Human embryonic stem cell-derived neural precursors develop into neurons and integrate into the host brain

Daniel J. Guillaume, M. Austin Johnson, Xue Jun Li, Su Chun Zhang

Research output: Contribution to journalArticlepeer-review

34 Scopus citations

Abstract

Whether and how in-vitro-produced human neural precursors mature and integrate into the brain are crucial to the utility of human embryonic stem (hES) cells in treating neurological disorders. After transplantation into the ventricles of neonatal immune-deficient mice, hES-cell-derived neural precursors stopped expressing the cell division marker Ki67, except in neurogenic areas, and differentiated into neurons and then glia in a temporal course intrinsic to that of human cells regardless of location. The human cells located in the gray matter became neurons in the olfactory bulb and striatum, whereas those in the white matter produced exclusively glia. Importantly, the grafted human cells formed synapses. Thus, the in-vitro-produced human neural precursors follow their intrinsic temporal program to produce neurons and glia and, in response to environmental signals, generate cells appropriate to their target regions and integrate into the brain.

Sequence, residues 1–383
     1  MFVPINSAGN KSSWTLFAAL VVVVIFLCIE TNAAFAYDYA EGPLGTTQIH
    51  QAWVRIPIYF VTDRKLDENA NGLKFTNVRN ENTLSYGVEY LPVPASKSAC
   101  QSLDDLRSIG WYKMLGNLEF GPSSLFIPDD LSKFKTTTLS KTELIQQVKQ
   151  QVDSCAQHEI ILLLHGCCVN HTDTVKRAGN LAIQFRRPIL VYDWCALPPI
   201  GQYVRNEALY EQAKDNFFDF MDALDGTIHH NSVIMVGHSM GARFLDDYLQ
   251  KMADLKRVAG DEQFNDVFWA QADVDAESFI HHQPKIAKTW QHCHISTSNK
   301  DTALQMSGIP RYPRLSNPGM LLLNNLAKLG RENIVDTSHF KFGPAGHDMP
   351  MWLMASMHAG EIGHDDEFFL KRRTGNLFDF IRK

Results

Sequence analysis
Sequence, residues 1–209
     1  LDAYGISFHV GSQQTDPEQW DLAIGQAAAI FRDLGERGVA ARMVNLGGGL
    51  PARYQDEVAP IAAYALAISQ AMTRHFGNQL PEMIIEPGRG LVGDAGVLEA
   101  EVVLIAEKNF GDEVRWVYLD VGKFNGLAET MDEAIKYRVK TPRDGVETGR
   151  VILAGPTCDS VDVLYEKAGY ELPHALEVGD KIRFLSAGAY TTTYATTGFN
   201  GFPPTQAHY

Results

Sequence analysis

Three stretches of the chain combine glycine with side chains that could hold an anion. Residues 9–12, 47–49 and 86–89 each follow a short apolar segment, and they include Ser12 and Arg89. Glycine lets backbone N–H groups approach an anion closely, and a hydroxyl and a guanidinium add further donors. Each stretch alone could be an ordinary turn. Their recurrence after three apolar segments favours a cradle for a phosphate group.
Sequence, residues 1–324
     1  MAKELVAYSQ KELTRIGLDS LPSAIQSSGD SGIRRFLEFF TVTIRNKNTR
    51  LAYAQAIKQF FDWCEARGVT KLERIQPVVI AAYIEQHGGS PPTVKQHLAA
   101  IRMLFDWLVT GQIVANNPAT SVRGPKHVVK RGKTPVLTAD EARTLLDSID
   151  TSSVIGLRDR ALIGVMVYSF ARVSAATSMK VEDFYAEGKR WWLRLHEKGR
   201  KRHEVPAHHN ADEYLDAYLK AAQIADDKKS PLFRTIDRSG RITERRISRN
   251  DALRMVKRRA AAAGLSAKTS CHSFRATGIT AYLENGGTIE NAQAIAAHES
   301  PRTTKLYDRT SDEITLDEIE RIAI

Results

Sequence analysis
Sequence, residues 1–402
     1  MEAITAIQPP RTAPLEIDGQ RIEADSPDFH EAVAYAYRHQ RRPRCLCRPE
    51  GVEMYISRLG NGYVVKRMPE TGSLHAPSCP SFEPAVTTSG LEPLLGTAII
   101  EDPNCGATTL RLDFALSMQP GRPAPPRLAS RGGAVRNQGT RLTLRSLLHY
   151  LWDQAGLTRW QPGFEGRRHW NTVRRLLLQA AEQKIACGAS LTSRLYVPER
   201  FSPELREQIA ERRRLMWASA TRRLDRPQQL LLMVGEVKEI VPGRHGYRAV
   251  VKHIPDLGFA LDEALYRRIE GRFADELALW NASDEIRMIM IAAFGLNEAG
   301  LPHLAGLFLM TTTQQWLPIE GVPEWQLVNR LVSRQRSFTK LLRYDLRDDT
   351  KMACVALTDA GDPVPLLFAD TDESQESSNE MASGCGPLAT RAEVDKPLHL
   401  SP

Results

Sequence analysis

Original languageEnglish (US)
Pages (from-to)1165-1176
Number of pages12
JournalJournal of Neuroscience Research
Volume84
Issue number6
DOIs
StatePublished - Nov 1 2006

Keywords

  • Cell transplantation
  • ES cells
  • Neural differentiation
  • Stem cell

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